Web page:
But the innocent men—the men who were afterwards acquitted—they would be—they were not ex-convicts? No, the Warden guessed they were all right. And the pardoned ones? The Warden smiled.

“I'm not very strong on pardons myself,” he admitted. “I'd about as soon employ an out-and-outer. Too much politics in pardons for me. Moreover, sometimes they're not appreciated. We had a queer fellow here once who served five years, and was a model prisoner too. Well, when he was discharged someone met him at the station with a pardon from the Governor. 'You cur,' he shouted at the man who handed it to him, 'get pardons for those who need them!' With that he tore the paper into bits, threw the pieces in the man's face and gave him a terrible thrashing. We never learned what the trouble was, though the fellow served two more years for the assault. But some of us thought he must have been innocent all the time. However, when he came out again nobody offered him another pardon.”

The next day Mr. Constable visited the prison without the escort of the Warden. In the work-rooms the silence of the workers oppressed him, but it was better than the language of some of the under-keepers which fairly sickened him. He had heard foul-mouthed men hurl epithets and profanity back and forth often enough, but never before had he seen the frightful answers which human beings can make without the utterance of a syllable. Many times that day he saw murder done with the eyes—the foulest, fiercest, most glutting murder of which the human heart is capable. In every regulation he saw manhood debased, individuality destroyed, education neglected, reformation defeated, and glancing from the faces of the convicts to those of the keepers, he could not say which this “splendid system” had most brutalised.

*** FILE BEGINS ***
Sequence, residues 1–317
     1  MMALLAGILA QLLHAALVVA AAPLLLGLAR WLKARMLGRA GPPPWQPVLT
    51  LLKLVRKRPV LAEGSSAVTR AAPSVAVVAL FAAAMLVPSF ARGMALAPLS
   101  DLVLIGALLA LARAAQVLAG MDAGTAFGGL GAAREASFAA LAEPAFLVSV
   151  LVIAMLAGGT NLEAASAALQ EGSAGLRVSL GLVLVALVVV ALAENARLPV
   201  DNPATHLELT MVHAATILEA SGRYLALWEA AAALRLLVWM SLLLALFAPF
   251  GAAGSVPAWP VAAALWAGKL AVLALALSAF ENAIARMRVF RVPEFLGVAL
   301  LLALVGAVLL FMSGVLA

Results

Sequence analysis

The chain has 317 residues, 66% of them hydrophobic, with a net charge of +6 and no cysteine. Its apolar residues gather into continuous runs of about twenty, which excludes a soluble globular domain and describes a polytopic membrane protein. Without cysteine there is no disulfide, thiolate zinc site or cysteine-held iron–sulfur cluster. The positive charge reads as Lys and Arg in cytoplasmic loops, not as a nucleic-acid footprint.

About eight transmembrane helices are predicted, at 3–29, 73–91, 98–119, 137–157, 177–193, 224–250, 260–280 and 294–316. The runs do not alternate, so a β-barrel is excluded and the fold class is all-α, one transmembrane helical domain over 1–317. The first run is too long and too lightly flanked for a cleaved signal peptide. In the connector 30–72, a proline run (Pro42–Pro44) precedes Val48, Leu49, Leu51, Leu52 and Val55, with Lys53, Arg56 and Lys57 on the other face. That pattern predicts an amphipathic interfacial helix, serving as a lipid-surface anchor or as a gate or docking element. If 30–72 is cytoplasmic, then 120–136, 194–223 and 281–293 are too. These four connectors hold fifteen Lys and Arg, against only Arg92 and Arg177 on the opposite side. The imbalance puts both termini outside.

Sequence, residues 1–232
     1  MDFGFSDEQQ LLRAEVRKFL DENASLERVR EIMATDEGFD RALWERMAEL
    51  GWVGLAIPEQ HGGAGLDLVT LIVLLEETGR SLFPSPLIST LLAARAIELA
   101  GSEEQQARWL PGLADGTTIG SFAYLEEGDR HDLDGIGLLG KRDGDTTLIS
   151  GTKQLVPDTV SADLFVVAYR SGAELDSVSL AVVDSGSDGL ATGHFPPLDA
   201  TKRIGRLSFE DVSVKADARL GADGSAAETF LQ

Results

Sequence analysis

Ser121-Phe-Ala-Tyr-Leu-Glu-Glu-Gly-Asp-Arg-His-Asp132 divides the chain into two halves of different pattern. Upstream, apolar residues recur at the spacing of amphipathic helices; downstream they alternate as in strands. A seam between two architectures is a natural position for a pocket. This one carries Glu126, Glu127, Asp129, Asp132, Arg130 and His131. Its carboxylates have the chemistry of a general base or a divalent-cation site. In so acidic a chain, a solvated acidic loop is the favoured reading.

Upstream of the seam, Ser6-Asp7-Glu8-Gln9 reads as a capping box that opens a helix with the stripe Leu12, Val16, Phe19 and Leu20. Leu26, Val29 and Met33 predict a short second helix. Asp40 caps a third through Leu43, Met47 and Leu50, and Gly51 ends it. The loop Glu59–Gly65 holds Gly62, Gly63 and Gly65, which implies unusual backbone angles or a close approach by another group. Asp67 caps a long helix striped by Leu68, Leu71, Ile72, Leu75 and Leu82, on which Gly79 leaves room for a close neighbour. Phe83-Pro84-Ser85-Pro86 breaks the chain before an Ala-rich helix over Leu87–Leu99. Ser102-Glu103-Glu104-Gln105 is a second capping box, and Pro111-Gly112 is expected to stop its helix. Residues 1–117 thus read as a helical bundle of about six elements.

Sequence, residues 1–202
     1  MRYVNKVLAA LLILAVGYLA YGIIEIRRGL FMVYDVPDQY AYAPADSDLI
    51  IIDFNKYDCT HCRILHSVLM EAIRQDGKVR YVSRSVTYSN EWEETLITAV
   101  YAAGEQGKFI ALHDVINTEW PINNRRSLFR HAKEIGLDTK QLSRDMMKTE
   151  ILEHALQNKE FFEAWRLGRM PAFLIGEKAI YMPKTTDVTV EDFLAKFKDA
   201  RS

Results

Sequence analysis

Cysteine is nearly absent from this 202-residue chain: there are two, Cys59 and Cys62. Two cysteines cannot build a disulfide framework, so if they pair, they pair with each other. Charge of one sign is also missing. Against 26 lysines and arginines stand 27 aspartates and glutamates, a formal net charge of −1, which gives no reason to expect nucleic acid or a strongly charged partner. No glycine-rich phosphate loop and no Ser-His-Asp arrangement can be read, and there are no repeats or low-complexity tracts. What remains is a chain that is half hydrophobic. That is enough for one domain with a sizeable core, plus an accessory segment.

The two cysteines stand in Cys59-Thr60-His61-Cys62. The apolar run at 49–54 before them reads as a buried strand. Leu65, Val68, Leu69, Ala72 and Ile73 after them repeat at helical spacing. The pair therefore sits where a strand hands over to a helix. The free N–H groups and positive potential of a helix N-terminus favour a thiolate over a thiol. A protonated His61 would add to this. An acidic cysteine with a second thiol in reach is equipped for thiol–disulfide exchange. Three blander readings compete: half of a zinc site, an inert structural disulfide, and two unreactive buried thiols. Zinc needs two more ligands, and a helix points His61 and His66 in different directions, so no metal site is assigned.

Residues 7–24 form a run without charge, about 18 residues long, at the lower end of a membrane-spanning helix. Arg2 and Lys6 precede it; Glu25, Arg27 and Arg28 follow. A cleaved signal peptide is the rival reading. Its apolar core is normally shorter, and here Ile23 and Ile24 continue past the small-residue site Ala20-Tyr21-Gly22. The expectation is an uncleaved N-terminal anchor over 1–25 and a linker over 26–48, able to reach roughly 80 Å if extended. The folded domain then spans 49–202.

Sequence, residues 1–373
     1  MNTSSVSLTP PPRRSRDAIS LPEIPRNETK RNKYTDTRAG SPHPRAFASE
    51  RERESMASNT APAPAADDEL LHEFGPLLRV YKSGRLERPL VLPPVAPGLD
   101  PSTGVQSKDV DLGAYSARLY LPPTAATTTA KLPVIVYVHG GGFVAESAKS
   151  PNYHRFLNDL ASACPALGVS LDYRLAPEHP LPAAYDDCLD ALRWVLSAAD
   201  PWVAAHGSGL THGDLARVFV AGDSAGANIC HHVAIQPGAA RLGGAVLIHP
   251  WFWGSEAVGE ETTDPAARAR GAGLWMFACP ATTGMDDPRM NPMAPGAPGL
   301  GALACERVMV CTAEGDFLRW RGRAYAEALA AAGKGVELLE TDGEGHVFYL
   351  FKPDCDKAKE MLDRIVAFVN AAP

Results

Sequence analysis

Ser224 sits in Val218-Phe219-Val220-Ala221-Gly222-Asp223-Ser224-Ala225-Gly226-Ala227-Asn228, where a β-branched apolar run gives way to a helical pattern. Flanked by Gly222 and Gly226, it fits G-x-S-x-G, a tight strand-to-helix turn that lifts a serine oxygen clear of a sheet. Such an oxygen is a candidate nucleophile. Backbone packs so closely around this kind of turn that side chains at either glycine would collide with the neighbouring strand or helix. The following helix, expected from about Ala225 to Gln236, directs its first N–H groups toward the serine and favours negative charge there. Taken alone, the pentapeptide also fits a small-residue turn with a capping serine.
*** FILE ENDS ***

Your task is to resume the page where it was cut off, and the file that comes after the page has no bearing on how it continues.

Then Mr. Constable returned to his cheerless room at the hotel and locking himself in, lay down on the sofa, only to offer his body as a pavement for files of close-cropped and shaven men who passed over him with the steady tramp-tramp, tramp-tramp of the lock-step, stamping him into the ground gladly and sternly, gloatingly and viciously—deeper and deeper, until he felt the damp earth upon his face and heard less and less clearly the tread of those marching feet.

Then it ceased altogether and Mr. Constable smiled in his sleep as he dreamed he was dead, only to awake with a shriek when he felt that he was living.

The next morning the Warden met him on the street.

“How's the local colour getting on?” he asked pleasantly.

“I was working with it all last night.”

The Warden stared silently at the speaker for a moment, frowned slightly and passed on.

“Good God!” he muttered to himself, “if it makes a man look like that to write, I never want to read again.”